Carmel McMurdo Audsley is an Australian Journalist, Editor and Author who lives in Brisbane with her husband Iain. They both had Scottish fathers, share a mutual love of Scotland and have walked in the footsteps of their ancestors in the country that they love to visit. As a Newspaper Journalist and Magazine Editor, Carmel has written, and had published, thousands of news stories and feature articles and has now turned her research and writing skills to digging up the past and breathing life into the characters she finds. Her first historical fiction novel, Ours, Yours and Mines, about the mining families of Ayrshire Scotland, was published in 2012 and captured the hearts of readers as the story unfolded about the harsh living conditions of the mid-1800s and the sad loss of life. Far Across The Sea continues the story. Carmel now devotes all her writing and editing time to producing Scots News Magazine for ex-pat Scots in Australia, and researching and writing historical fiction.
What inspires you to write?
I’ve spent my working life as Journalist and Editor, and have also worked as a Marketing Manager and Publicist, so I’ve been on both sides of the editorial desk. I am inspired to write because, simply, it is what I do. I have always loved the written word and am a voracious reader. The trilogy I am working on now is based on my family history. I started out just wanting to find out about the people who came before me, but when I started to piece together the information that I found, I knew that there were stories to be told that would be of interest to people other than myself. ‘Ours Yours and Mines’ and ‘Far Across The Sea’ are based in the mining communities of Scotland. They are real people, in real situations and I have enjoyed living in 19th century and early 20th century Scotland as the stories came together.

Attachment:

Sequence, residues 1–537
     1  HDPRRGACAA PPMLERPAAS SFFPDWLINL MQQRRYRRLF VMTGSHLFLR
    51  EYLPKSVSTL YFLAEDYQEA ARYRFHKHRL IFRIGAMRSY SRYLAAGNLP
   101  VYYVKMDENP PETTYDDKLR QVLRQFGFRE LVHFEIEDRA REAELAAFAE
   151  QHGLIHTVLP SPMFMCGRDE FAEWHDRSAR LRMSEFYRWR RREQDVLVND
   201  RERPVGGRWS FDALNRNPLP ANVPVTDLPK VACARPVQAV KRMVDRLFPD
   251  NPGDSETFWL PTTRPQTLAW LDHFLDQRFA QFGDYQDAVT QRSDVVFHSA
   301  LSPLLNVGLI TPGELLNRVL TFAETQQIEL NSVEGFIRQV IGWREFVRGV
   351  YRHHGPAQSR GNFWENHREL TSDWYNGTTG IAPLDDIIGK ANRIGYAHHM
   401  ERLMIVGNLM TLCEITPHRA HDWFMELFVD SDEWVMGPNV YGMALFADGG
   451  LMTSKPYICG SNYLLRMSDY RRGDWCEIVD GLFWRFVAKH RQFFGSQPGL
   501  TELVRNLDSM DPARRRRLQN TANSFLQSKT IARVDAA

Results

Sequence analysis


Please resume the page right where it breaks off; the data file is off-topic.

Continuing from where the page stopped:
Tell us about your writing process.
Because I write historical fiction, the research comes first. Once I have all the information, the story comes next and most importantly the dialogue. I like to go behind the facts and figures and work out how people would have thought and felt in certain situations. As the names on pieces of paper come to life, I interact with them – inhabit them, almost – so that I am with them, whatever the situation. I immerse myself in the writing in the same way that I hope the reader will.
For Fiction Writers: Do you listen (or talk to) to your characters?
I listen and talk to my characters all the time. Sometimes when I’m editing, I will read a paragraph and think ‘is that really how Mary would have reacted?’, and I’ll think about it again. As the characters in both my books are ancestors, I feel a real connection to them and am honouring them by bringing their stories to life.
What advice would you give other writers?
Make sure your research is thorough and don’t rush the writing process. I hate hearing people bragging that they produce ‘a new book’ every six months. It takes at least a year to properly research, write and edit a novel. Remember, it is your name on the cover and you want to be proud of your final product. Take the time to read and re-read your story until you are happy with it. It is better to write one book that is appreciated by a few, than to write many books that are appreciated by a few.
How did you decide how to publish your books?
For my first novel, ‘Ours, Yours and Mines’, I received three offers from publishing companies, all offering dismal royalties, but expecting me to do most of the marketing myself. I have run a publishing business for 30 years – albeit newspapers and magazines – but I knew enough to realise that the service I would be getting for 11% royalties wasn’t enough. I decided to go with a publisher in America who offered me a higher royalty and I do all the hard yards in marketing myself. I say ‘hard yards’ because it is time consuming, but no one knows my book like me, so I am really the best person to market it.
What do you think about the future of book publishing?
People will always read books. I’ve heard so many people say that they’ve gone on holidays with hundreds of books on their kindle readers, but they’ve forgotten about them – out of sight, out of mind. If you have a book on your night-stand, you are more likely to pick it up and read a few pages each night. Books rule!
What do you use?
None of the above 🙂
What genres do you write?
Historical fiction, biography
What formats are your books in?